School principals should be fluent in data analysis, understand the challenges facing their students, be aware of potential health concerns and be prepared to lead change on their first day in the job.
That’s the thrust of an effort by the Board of Regents to update school principal leadership standards and review and update what goes into to training and certifying school building leaders.
“We really want to staff our schools with leaders that can mobilize communities and buildings,” Education Commissioner MaryEllen Elia said during a presentation to the Board of Regents on Monday. “By strengthening the preparation of aspiring principals, we believe we can enhance school leadership and improve prospects for children.”
State education officials are using a Wallace Foundation grant for an 18-month review of the existing training of future principals and to engage stakeholders to develop recommendations for changes, focusing on the preparation programs and colleges and universities across the state. An advisory committee starts to meet next month and is expected to deliver recommendations to the Regents next spring.
Some board members Monday offered up areas they think should be emphasized as new standards and expectations for school principals are developed, including a deep understanding of how to use data to drive decisions and familiarity with possible health concerns for student populations.
As with many discussions at the Board of Regents level, members honed in on what changes would mean for the state’s highest-need districts, where poverty and social and emotional trauma amplify the usual challenges facing any school. And standards only go so far, Regent Lester Young said; what’s more important is making change real inside of a school.
“The idea that the skills needed to turn around an organization with a history of a culture of failure are the same as any other school is absolutely ridiculous,” Young said. “What happens is if you focus only on standards, you get away from reality.”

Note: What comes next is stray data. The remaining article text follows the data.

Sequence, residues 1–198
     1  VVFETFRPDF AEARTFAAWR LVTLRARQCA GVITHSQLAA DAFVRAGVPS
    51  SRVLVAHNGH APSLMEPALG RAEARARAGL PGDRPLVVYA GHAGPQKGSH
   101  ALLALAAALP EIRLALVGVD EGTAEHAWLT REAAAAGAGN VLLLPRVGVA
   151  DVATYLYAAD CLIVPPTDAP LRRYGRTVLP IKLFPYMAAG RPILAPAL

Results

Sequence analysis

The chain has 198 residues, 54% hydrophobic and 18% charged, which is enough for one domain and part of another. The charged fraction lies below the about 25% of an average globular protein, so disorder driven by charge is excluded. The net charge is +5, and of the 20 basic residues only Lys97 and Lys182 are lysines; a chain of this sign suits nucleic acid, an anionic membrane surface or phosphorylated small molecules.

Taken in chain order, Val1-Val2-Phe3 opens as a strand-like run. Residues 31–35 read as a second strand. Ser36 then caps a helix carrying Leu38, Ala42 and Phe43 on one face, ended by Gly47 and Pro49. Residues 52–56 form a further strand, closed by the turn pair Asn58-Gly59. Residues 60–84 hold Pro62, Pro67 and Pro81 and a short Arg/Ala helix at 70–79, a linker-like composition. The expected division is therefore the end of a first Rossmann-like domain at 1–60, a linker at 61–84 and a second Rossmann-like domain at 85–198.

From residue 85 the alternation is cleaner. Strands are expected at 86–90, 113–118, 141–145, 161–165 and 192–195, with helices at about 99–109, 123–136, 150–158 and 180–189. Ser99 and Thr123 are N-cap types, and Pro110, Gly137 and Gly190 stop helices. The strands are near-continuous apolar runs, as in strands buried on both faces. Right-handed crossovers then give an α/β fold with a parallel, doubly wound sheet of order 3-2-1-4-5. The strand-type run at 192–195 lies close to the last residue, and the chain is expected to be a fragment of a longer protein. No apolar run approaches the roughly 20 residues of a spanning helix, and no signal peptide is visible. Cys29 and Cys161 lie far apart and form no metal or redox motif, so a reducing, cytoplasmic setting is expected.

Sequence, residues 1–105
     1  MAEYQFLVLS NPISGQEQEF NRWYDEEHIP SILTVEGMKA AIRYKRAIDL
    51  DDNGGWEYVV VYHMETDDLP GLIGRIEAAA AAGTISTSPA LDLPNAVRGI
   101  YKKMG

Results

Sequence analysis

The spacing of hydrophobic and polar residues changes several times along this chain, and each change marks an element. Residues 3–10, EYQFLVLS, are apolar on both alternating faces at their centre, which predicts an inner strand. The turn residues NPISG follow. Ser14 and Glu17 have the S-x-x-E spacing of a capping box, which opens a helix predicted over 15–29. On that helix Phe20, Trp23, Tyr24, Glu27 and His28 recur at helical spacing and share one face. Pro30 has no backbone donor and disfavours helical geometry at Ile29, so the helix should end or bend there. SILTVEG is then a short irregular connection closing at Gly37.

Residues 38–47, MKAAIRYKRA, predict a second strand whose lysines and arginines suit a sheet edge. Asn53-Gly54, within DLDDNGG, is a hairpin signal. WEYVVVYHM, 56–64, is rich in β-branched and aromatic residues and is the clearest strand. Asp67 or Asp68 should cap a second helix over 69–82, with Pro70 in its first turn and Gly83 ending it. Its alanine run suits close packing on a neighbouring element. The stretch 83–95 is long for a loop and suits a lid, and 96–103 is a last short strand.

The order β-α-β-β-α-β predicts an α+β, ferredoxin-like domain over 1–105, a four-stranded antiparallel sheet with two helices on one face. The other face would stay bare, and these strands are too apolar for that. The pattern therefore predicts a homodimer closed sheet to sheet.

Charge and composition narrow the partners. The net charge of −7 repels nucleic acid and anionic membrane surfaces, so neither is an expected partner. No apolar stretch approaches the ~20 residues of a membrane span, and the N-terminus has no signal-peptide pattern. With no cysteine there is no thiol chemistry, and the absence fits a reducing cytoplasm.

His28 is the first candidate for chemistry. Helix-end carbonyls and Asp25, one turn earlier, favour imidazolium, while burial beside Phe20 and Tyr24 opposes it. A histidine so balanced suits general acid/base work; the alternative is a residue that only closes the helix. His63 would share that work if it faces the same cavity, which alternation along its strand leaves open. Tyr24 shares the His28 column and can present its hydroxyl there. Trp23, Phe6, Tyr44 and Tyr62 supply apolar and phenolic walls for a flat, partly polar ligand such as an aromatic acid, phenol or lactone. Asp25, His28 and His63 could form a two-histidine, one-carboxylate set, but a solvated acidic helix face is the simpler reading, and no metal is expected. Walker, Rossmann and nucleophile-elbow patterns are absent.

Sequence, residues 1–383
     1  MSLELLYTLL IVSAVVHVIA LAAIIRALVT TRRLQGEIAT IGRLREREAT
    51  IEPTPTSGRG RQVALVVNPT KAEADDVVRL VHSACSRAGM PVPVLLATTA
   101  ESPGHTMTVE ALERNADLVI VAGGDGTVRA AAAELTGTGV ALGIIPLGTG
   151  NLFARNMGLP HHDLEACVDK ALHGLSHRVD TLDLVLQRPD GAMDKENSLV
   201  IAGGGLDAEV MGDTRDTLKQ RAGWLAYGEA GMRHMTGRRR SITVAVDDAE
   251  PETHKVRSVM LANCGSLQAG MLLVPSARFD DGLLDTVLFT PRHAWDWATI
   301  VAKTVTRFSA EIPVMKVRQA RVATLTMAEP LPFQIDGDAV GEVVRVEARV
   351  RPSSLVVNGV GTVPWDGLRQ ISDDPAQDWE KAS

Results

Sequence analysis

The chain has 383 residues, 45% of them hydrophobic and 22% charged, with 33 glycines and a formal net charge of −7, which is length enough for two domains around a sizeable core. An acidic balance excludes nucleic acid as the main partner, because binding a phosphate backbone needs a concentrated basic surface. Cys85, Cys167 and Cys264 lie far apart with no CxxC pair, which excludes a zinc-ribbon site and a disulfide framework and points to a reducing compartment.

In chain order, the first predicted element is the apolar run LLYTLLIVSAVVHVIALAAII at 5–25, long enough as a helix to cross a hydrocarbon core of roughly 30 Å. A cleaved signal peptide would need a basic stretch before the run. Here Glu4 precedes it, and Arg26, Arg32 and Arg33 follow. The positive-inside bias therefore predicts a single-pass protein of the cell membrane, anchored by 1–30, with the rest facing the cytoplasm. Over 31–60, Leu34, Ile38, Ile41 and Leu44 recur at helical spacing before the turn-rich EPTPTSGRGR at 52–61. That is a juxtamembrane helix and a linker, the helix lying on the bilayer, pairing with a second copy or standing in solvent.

The Regents agreed that it is not just important to improve training for principals, but it’s also important to find ways to retain high-quality school leaders and not promote them to district administration.
“The issue of preparation is just one factor of school building leadership,” Regent Wade Norwood said. “How do we create an ennobling career path so this effective building leader can stay in the building for decade instead of being promoted into administration?”
But the presentation also opened the door to criticisms from some regents over how the Education Department staff established the advisory group of around 50 stakeholders – teachers, principals, administrators, parents and more.
Regent Catherine Collins, of Buffalo, said she wasn’t asked to recommend participants in the group from her region or kept in the loop as the group was put together.
“I just want people to know that some of us have been left out of the conversation,” Collins said.
Regent Louis Reyes said he would like to see representatives from education advocacy groups included more in advisory committees, arguing that just because they can be critical of education policy, their voices shouldn’t be left out of the discussion.
The review of school leadership is also intended to move New York toward a set of national school leader standards that were published by the National Policy Board for Education Administration last year, Elia said. New York last adopted new school principal standards in 2008.
Reach Gazette reporter Zachary Matson at 395-3120, [email protected] or @zacharydmatson on Twitter.
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